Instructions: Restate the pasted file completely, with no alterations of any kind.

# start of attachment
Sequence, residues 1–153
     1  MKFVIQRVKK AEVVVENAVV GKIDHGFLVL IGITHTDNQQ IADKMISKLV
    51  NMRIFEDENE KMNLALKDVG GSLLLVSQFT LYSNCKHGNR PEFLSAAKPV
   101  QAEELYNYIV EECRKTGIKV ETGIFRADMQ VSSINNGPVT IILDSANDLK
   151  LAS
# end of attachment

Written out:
Sequence, residues 1–153
     1  MKFVIQRVKK AEVVVENAVV GKIDHGFLVL IGITHTDNQQ IADKMISKLV
    51  NMRIFEDENE KMNLALKDVG GSLLLVSQFT LYSNCKHGNR PEFLSAAKPV
   101  QAEELYNYIV EECRKTGIKV ETGIFRADMQ VSSINNGPVT IILDSANDLK
   151  LAS